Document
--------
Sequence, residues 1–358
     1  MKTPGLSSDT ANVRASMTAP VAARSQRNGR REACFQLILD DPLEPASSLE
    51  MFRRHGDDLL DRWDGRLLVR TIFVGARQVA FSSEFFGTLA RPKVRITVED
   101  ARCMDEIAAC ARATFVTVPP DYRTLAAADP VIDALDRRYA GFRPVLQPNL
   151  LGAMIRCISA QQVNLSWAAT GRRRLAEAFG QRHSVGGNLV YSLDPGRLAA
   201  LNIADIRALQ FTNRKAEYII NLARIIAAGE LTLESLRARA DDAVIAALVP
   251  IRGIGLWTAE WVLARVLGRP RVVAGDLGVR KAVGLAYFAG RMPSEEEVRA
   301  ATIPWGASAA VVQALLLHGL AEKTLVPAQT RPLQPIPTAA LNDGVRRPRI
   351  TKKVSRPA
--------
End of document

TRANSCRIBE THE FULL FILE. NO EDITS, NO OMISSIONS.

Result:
Sequence, residues 1–358
     1  MKTPGLSSDT ANVRASMTAP VAARSQRNGR REACFQLILD DPLEPASSLE
    51  MFRRHGDDLL DRWDGRLLVR TIFVGARQVA FSSEFFGTLA RPKVRITVED
   101  ARCMDEIAAC ARATFVTVPP DYRTLAAADP VIDALDRRYA GFRPVLQPNL
   151  LGAMIRCISA QQVNLSWAAT GRRRLAEAFG QRHSVGGNLV YSLDPGRLAA
   201  LNIADIRALQ FTNRKAEYII NLARIIAAGE LTLESLRARA DDAVIAALVP
   251  IRGIGLWTAE WVLARVLGRP RVVAGDLGVR KAVGLAYFAG RMPSEEEVRA
   301  ATIPWGASAA VVQALLLHGL AEKTLVPAQT RPLQPIPTAA LNDGVRRPRI
   351  TKKVSRPA